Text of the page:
Four Acts and The Pair of Socks

Let’s start with a little quiz.
Why would a politician open an exhibition?

A. Because he thinks he paid for it.
A. Because he thinks he gains from it.
A. Because he can.

And, the correct answer is… A!


“Yes, we can” maybe could have been the preferred position of Bojan Kostreš, at the time the President of the Assembly of the Autonomous Serbian Province of Vojvodina, when deciding to personally open in Novi Sad, the capital of this northern Serbian province, the exhibition of young artists from Pristina (Kosovo), titled “Exception.” Maybe he was invited to do so by the organisers and producers of the show – as far as I know, it is perfectly possible, and here I have in mind particularly the director of the Museum of Contemporary Art of Vojvodina, Živko Grozdanić Gera, and his apparent belief in engineering public ‘scandals’ and ‘upsets’ as a publicity tool for different projects. Or maybe Mr Kostreš decided for himself or was consulted or instructed that this is something to be done; but it does not really matter to what is of interest here. It is the very fact that he did it, along with the (quite) predictable consequences… Being an active local politician he must have known that on this occasion he could not represent himself and his personal political convictions, or his taste in contemporary art, he could not even represent (in any but the strictly bureaucratic sense) the Assembly of Vojvodina (being its current president), as the Assembly was being torn apart at the time by fights between opposing political blocks, and (as always) was pretty close to becoming dysfunctional; so it could be only his political party (LSV – League of Social Democrats of Vojvodina) and its biggest strategic ally, the Democratic Party (DS), one ‘concrete’ political block, that he could possibly stand for when opening this exhibition. Considering the timing, all of this happened in January 2008, in the midst of the (as usually) quite desperate and ‘dirty’ electoral campaign, in between the first (undecided) and the second (at the time perceived as very uncertain regarding its outcome) ballot of voting for the president of Serbia. The “Pro-EU” political block Kostreš represented here was faced in the previous round with an almost completely equal (hence the ‘second ballot’) number of votes for the nationalistic right-wing political block, heralded by the Radical Party. And the ‘renegade province’ of Kosovo, through its current ‘representatives’ (of whom there is no reason to think they are any ‘better’ or ‘worse’ or more or less ‘legitimate’ then the average Serbian politicians, or the majority of any politicians for that matter), had just announced that it was about to declare ‘independence’ in two weeks time. The media were already programming that ‘Kosovo is Serbia’ – some issuing calls to arms again, as they did so many times in the recent past, some already cursing the 100th generation of the offspring of any Serbian politician who even thinks of recognizing Kosovo, and the vast majority exploring in a very creative manner all the different ways you can call someone ‘a traitor’…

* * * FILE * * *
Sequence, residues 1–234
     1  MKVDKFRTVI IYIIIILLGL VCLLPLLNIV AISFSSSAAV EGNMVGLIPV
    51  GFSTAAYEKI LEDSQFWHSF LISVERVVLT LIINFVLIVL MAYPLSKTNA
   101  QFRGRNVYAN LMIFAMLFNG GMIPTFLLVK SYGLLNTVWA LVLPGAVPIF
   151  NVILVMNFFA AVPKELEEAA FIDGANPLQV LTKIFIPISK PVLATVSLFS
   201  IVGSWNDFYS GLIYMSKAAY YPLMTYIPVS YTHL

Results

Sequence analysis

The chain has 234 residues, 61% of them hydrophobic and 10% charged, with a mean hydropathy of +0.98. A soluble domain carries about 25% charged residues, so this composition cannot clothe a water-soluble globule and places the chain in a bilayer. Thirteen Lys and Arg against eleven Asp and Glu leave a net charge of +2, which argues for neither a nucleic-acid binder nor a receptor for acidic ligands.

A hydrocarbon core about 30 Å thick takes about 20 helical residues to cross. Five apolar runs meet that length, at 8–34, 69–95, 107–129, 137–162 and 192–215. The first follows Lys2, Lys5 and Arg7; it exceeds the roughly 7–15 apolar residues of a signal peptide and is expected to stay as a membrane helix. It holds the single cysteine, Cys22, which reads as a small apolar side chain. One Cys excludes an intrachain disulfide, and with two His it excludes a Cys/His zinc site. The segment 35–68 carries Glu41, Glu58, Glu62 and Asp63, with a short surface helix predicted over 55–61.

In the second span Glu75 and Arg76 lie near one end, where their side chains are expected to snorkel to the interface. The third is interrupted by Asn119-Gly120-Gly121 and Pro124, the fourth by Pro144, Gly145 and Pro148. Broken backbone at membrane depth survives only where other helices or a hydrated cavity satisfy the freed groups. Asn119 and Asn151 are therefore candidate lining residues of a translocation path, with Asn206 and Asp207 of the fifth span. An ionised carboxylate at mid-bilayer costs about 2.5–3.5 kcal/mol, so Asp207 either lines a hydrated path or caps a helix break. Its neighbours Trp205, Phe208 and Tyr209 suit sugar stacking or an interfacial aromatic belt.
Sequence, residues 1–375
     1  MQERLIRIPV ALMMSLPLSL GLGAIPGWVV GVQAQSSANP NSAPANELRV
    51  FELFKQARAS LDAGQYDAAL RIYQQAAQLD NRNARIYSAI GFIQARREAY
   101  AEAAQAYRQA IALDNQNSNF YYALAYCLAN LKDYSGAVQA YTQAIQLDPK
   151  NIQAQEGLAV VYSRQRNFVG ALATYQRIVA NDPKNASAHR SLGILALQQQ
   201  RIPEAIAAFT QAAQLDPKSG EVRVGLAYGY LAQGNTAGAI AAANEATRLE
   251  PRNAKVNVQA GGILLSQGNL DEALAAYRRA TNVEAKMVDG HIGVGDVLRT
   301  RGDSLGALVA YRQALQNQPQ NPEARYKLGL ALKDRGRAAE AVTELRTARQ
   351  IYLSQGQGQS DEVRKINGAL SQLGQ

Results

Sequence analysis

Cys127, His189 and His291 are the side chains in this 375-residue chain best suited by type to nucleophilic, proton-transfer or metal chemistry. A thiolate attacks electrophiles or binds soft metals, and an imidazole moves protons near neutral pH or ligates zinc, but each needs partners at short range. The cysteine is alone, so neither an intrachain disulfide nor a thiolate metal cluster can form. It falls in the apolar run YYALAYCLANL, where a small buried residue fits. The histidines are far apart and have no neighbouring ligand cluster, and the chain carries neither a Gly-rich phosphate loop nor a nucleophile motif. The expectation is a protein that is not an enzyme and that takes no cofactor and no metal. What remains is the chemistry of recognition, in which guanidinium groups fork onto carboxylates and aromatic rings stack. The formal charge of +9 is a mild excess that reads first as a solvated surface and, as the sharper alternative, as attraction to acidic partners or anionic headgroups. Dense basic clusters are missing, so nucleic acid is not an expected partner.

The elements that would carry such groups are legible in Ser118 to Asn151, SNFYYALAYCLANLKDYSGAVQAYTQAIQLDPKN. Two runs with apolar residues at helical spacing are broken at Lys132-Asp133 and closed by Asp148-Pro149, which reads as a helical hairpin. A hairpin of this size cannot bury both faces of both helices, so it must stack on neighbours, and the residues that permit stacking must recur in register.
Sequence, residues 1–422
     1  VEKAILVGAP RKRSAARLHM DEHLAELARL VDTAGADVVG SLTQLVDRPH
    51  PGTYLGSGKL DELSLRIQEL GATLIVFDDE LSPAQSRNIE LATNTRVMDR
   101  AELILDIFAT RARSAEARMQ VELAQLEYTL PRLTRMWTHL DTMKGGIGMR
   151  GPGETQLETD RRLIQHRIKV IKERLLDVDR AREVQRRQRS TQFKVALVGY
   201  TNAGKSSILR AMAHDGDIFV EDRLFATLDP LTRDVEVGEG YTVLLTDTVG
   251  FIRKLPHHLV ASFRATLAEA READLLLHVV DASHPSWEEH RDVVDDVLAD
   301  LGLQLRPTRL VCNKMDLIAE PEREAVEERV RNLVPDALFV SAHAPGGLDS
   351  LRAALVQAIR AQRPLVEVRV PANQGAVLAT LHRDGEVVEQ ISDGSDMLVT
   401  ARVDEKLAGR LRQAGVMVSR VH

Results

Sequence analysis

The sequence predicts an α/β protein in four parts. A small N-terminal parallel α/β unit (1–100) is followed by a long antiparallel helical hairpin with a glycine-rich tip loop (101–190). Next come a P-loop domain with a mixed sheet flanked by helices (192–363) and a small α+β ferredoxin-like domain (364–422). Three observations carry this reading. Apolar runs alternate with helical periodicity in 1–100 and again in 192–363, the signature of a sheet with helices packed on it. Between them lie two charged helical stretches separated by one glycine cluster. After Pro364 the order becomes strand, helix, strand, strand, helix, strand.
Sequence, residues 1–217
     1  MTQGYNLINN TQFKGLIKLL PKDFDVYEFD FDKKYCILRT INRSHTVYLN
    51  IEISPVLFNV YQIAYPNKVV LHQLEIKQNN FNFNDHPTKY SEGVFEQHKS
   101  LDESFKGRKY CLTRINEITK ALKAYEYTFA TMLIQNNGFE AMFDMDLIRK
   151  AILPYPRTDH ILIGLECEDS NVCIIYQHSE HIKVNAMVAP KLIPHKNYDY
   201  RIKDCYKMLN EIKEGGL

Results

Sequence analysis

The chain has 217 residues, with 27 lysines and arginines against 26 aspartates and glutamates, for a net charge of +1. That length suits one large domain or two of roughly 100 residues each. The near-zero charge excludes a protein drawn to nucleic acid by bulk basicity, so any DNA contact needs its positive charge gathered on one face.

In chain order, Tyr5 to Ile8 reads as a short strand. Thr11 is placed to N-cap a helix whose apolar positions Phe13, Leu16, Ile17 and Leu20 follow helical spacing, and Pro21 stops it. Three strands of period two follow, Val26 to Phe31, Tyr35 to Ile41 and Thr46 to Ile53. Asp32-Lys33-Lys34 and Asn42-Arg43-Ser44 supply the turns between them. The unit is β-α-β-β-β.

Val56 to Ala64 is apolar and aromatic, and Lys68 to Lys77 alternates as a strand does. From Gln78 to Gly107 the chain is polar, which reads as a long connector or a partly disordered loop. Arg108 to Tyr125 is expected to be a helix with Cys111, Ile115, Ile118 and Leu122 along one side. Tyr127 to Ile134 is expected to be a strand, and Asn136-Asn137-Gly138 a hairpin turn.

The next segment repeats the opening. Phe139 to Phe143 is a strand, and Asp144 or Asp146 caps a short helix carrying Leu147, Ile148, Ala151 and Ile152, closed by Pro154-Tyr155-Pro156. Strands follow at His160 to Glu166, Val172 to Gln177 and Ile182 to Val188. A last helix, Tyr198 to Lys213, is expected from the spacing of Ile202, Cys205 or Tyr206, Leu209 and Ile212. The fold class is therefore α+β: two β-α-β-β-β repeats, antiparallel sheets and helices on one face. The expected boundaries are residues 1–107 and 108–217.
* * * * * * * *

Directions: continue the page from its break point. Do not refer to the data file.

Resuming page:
Face behind the face – presidential candidates Tomislav Nikolić (SRS, nationalistic block, upper corner) and Boris Tadić (DS, pro-EU block, lower corner)

The very word ‘Kosovo,’ representing the symbolic (and only possibly factual) ’cause’ for the NATO “air campaign” (read: the bombing of Serbia on a daily basis for a period of three months) just 9 years ago, proved to be the most successful detonator of national sentiment around here for ages. Now, obviously, ‘the situation’ was charged, on a countdown to inevitable detonation… This kind of social (dis)balance had its ups and downs, but in this period it seemed that critical mass was almost there and that anything connected with this issue, however ‘tiny’ or ‘marginal,’ may trigger the chain reaction.

We know now that ‘the unspeakable’ happened, and that the enactment of the independence of Kosovo was announced some weeks later, on February 17th. Just to give a brief insight into the media situation surrounding the issue, here are the news headlines as archived by for this date, as they are paradigmatic of the whole media sphere during the period:

“Over 60 injured, Slovenian embassy ransacked – at least 30 policemen and 30 civilians were injured as protesters demonstrated against U.S. and EU Kosovo policy.

Serbia annuls Kosovo independence declaration – PM Vojislav Koštunica addressed the nation today as ethnic Albanians unilaterally declared Kosovo’s independence.

Ethnic Albanians declare Kosovo’s independence – ethnic Albanians have today at 15:00 CET unilaterally declared independence of the Serbian province of Kosovo.

U.S. takes note, Russia wants declaration scrapped – the United States took note of the unilateral declaration of independence by Kosovo’s Albanians.

UN SC meets tomorrow in emergency session – the United Nations Security Council will hold emergency Kosovo session tomorrow.

No violence in Kosovo, says Bush – U.S. President George Bush says he will work with his allies to avoid violence in Kosovo.

Albania, Saudi Arabia first to recognize Kosovo? Beta News Agency says an analysis shows Kosovo’s unilateral declaration will first be recognized by some Islamic countries.

Czech lawmakers ask intl. community to support Serbia – a group of Czech lawmakers today reacted to the announced unilateral declaration of Kosovo’s independence.